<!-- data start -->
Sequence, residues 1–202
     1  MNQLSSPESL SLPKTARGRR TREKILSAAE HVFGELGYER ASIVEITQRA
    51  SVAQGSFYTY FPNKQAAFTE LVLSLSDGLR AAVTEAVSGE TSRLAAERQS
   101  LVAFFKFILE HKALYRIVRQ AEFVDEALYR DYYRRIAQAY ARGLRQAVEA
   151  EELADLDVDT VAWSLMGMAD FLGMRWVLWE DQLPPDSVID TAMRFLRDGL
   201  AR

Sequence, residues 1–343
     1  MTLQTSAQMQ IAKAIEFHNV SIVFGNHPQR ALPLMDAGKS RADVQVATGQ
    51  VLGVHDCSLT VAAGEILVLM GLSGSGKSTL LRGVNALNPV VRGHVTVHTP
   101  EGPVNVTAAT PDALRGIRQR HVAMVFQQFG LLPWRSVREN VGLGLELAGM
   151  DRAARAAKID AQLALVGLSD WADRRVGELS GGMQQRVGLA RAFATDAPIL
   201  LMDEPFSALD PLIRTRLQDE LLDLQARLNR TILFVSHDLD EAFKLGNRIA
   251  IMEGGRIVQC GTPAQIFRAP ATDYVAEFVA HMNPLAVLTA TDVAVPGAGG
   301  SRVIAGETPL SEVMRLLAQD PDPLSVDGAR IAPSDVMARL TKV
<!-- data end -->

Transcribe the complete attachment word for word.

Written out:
Sequence, residues 1–202
     1  MNQLSSPESL SLPKTARGRR TREKILSAAE HVFGELGYER ASIVEITQRA
    51  SVAQGSFYTY FPNKQAAFTE LVLSLSDGLR AAVTEAVSGE TSRLAAERQS
   101  LVAFFKFILE HKALYRIVRQ AEFVDEALYR DYYRRIAQAY ARGLRQAVEA
   151  EELADLDVDT VAWSLMGMAD FLGMRWVLWE DQLPPDSVID TAMRFLRDGL
   201  AR

Sequence, residues 1–343
     1  MTLQTSAQMQ IAKAIEFHNV SIVFGNHPQR ALPLMDAGKS RADVQVATGQ
    51  VLGVHDCSLT VAAGEILVLM GLSGSGKSTL LRGVNALNPV VRGHVTVHTP
   101  EGPVNVTAAT PDALRGIRQR HVAMVFQQFG LLPWRSVREN VGLGLELAGM
   151  DRAARAAKID AQLALVGLSD WADRRVGELS GGMQQRVGLA RAFATDAPIL
   201  LMDEPFSALD PLIRTRLQDE LLDLQARLNR TILFVSHDLD EAFKLGNRIA
   251  IMEGGRIVQC GTPAQIFRAP ATDYVAEFVA HMNPLAVLTA TDVAVPGAGG
   301  SRVIAGETPL SEVMRLLAQD PDPLSVDGAR IAPSDVMARL TKV